-Shared service: A class that performs something that needs to be reused across multiple features.

D.I (Dependency Injection)

This is a way to use our service inside of a component. By doing this, we allow our component to have access to all the functionality inside our service class.

From the Angular docs:

For any dependency that you need in your app, you must register a provider with the app's injector so that the injector can use the provider to create new instances. For a service, the provider is typically the service class itself.

The Lifecycle of D.I Using a Service

When we run the following command:

ng generate service my-service-name
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The Angular CLI will create a service class with the Injectable() decorator. This decorator will allow us to use the class in this case the service to be used in another class via D.I.

From the Angular docs:

-The injector is the main mechanism. Angular creates an application-wide injector for you during the bootstrap process, and additional injectors as needed. You don't have to create injectors.

-An injector creates dependencies and maintains a container of dependency instances that it reuses if possible.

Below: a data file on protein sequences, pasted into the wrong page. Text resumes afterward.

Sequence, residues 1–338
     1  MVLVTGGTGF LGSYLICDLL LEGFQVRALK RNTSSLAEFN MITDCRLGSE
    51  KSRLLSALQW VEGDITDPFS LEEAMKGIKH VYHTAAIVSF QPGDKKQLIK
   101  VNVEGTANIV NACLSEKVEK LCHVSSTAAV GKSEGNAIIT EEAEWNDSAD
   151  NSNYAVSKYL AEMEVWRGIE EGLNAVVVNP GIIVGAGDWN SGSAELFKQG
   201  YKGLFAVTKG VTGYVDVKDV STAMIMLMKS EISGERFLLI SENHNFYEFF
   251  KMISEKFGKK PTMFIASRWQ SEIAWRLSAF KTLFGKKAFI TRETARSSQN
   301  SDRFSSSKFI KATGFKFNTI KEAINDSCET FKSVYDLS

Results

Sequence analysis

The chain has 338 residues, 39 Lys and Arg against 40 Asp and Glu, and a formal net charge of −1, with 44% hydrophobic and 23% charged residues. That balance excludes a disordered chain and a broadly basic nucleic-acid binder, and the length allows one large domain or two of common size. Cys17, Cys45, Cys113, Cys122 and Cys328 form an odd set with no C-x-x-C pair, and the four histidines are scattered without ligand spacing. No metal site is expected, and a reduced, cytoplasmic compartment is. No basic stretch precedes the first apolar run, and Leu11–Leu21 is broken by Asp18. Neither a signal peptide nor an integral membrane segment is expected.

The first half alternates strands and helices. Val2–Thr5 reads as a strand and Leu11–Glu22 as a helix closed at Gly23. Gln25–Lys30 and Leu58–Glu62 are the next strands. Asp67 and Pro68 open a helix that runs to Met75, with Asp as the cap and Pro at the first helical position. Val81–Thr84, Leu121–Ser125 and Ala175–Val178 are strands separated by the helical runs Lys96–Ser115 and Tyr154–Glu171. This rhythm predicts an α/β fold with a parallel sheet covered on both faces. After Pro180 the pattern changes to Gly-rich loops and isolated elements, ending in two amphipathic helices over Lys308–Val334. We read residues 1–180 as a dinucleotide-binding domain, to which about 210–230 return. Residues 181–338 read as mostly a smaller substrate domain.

-A provider is an object that tells an injector how to obtain or create a dependency.

The Angular CLI also adds a provider to the service. If you create a service at the root level, the provider for the service you just created will look as followed:

@Injectable({
 providedIn: 'root',
})
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Yes, you can change this behavior by adding the service in an specific ngModule. When you do this, the service will only be available to the components inside of the ngModule where you added the service.

@NgModule({
  providers: [
  CarService
 ],
 ...
})
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The way to do D.I in your component for a service is:

//At the top of your file
import {CarService} from '../../path';
...// more code
constructor(private carService: CarService) { }
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Note: You can use D.I for other things like values, functions, etc.

To learn more about D.I take a look at: https://medium.com/@tomastrajan/total-guide-to-angular-6-dependency-injection-providedin-vs-providers-85b7a347b59f

Discussion (3)

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kball profile image
Kevin Ball

Nice article! This is super helpful for those of us who aren't familiar with Angular's structure.

Quick note of a typo: in the first example block of the 'lifecycle of d.i.' section, you have ng generarte service my-service-name (extra 'r' in generate)

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devpato profile image
Pato Author

Ohhh thanks so much! :))))

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vernejules profile image
VerneJules

Nice! Interesting take. Coding styles are important, though I would always prefer we all have a standard so it'll be even easier for the support people to troubleshoot.

I know it's a bit shameless of me to ask but do you have a beautifier plug-in/tool for your coding style? Not everyone can just immediately practice a coding style (usually, it comes naturally).